A possible explanation of Cook's strange behavior in this incident is that Cook was afraid that the king had given him the slip; and Phillips, in order to find out for him, had been obliged to trespass. Now, entering someone's house without permission, let alone entering the royal presence unbidden, was scarcely the way to foster good will or to engage in diplomacy. Samwell, who was not there, said that when the king emerged, Cook took him by the hand, ostensibly in a friendly manner; we do not know.56 If so, the Hawaiian onlookers would have regarded such an act as an even more serious trespass on their king's person than entering his hut. At any rate, Cook wanted a showdown. But he became convinced that the king was entirely innocent of the theft. Cook nevertheless invited him to come aboard Resolution for a visit, and the king readily agreed. The Hawaiian onlookers, meanwhile, could tell that this was no ordinary meeting. Lono was very serious. The red-coated men with him carried those strange, iron sticks that made frightening noises and belched smoke and fire; the visitors could only mean trouble. And Lono had sent one of them into their king's house without permission.

AT WATER'S EDGE

Keeping close together, Cook, Phillips, and the nine marines began escorting the king through the crowd back to the beach, and the two boys, looking forward to another happy visit on the great ship, scampered ahead and swam out to wait in the pinnace. Without a few minutes the boats would have put off from shore. But the crowd of bystanders, hitherto reasonably quiet, began to grow restive and noisy when they saw their king walking down to the beach with an armed guard. If Samwell is correct, Cook may have been leading him by the hand, making a serious breach of tapu. This time the Hawaiians did not prostrate themselves before Cook. Instead, fearing for the safety of their king, they entreated him not to go.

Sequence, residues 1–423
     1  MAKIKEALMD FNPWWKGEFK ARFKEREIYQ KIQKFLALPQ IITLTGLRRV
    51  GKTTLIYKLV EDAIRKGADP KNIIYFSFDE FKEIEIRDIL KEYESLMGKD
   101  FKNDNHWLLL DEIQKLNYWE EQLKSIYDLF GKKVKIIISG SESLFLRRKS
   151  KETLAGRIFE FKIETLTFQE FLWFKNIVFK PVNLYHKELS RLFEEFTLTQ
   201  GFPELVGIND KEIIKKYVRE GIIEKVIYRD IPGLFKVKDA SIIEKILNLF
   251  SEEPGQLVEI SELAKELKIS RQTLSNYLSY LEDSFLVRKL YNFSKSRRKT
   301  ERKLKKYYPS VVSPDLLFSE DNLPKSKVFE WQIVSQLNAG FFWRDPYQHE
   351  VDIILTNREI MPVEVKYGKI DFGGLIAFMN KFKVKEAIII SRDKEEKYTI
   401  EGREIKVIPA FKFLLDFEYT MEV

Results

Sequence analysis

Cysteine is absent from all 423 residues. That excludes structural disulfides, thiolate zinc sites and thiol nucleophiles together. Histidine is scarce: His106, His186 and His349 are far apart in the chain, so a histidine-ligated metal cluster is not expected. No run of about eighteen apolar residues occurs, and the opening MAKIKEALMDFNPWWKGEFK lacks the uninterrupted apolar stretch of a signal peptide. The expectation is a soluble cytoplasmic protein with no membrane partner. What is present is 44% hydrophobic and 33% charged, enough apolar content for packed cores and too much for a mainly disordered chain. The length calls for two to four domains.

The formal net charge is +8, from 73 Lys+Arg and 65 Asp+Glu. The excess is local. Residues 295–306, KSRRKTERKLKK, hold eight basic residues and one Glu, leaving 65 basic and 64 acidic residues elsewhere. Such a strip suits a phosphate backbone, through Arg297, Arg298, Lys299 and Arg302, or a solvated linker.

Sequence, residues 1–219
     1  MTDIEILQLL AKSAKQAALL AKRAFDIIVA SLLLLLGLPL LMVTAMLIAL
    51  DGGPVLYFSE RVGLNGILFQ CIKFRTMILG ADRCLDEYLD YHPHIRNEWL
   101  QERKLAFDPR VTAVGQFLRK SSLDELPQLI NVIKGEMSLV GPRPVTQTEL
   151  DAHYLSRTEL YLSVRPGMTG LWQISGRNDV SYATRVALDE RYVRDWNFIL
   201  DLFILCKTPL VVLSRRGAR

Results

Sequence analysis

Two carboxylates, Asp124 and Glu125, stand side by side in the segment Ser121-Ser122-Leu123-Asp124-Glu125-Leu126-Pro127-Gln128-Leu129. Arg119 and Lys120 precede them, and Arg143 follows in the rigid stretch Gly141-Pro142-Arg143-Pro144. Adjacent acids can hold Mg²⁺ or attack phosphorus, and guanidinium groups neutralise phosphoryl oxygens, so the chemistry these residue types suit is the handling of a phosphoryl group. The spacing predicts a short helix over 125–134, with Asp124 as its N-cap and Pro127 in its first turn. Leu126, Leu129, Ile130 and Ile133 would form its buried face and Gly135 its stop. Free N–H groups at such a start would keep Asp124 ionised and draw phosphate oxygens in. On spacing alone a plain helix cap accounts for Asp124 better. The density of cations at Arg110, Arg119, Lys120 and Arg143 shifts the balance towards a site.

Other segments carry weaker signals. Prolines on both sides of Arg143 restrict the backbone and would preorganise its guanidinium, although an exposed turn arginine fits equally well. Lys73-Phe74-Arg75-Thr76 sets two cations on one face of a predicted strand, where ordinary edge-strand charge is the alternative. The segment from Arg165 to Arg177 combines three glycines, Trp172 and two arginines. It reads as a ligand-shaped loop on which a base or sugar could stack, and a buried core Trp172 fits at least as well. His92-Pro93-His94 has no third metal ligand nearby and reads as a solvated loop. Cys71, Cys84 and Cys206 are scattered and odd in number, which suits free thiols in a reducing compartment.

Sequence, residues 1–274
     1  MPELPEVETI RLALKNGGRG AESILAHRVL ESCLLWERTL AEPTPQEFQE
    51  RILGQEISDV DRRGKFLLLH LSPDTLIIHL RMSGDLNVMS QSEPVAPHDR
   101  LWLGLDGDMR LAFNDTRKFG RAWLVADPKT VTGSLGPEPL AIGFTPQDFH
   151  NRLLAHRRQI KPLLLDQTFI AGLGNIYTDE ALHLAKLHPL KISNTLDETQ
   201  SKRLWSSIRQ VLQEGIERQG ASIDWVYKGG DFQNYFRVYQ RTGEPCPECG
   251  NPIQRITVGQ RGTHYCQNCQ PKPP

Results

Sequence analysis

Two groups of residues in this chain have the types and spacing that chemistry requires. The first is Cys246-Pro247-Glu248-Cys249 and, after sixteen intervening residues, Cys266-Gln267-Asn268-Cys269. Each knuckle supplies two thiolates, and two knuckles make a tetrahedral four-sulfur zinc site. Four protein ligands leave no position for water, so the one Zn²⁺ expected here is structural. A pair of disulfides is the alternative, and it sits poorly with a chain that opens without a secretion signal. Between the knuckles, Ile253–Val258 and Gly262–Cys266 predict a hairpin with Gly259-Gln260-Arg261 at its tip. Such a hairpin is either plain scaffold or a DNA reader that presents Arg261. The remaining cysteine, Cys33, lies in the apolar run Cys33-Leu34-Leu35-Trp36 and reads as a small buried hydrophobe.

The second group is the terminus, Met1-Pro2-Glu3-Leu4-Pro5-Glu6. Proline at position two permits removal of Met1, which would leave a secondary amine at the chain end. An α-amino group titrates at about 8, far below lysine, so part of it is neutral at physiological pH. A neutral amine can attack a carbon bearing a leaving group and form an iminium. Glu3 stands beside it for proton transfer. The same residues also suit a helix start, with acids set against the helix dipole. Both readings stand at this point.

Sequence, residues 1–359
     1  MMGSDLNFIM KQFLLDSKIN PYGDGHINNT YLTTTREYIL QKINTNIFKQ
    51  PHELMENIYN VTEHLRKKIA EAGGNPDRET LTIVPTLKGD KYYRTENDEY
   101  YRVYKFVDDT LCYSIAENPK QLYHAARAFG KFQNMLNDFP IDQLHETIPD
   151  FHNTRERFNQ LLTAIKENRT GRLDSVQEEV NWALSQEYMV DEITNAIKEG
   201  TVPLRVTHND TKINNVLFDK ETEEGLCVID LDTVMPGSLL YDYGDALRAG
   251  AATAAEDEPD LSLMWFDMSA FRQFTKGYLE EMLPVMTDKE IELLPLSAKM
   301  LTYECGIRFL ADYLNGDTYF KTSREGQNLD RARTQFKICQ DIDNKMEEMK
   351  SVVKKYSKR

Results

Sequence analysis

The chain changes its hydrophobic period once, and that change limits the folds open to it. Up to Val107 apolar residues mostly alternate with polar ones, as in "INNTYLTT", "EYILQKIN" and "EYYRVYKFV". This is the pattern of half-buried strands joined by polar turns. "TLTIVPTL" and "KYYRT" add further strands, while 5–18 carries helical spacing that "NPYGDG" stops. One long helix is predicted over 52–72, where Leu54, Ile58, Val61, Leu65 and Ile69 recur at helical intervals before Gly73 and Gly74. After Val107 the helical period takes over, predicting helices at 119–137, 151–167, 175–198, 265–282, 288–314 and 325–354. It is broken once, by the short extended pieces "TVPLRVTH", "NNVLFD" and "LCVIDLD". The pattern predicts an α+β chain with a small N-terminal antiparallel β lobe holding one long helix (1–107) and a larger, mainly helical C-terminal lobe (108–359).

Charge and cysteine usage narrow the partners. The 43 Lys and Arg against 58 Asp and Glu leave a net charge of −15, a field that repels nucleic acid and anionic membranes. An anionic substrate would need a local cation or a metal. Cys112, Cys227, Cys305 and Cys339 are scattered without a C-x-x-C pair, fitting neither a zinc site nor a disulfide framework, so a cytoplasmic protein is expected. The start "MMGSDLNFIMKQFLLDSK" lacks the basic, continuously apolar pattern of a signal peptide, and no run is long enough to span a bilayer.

Then, as Cook and his marines approached the water's edge a canoe landed. News raced through the crowd, then numbering about two or three thousand and increasingly angry and hostile, that a favorite chief had been killed at the south end of the bay. Cook and Phillips apparently heard the musket firing, but they did not know its location; the sound came indeed from the south point of the bay, where Rickman was on station. Nor did they know what effect the news of the chief's death would have on the mood of the crowd. One of the king's wives, named "Kor'na'cab'ra," begged the king with tears not to go aboard, several chiefs made him sit down, and he himself became frightened and disconsolate. Only then did Cook and Phillips, huddled with the marines, think that the crowd posed a threat. Hemmed in by the mob, which was growing more ugly and violent, Cook agreed to Phillips's entreaty that he, Phillips, extricate his marines and have them line up at the water's edge.

The crowd without hesitation made way for the marines to walk down to the water's edge and to line up on the rocks facing inland, and in a moment or two Cook would have been off the beach. Men brandished iron daggers and spears, and put on their heavy matt as armor. Breadfruit were hurled this way and that. Stones flew. Cook hesitated. Phillips stood with him a few feet from shore. He later quoted Cook as saying, '"We can never think of compelling him to go on board without killing a number of these people."'57 With that realization he abandoned all thought of taking the king hostage.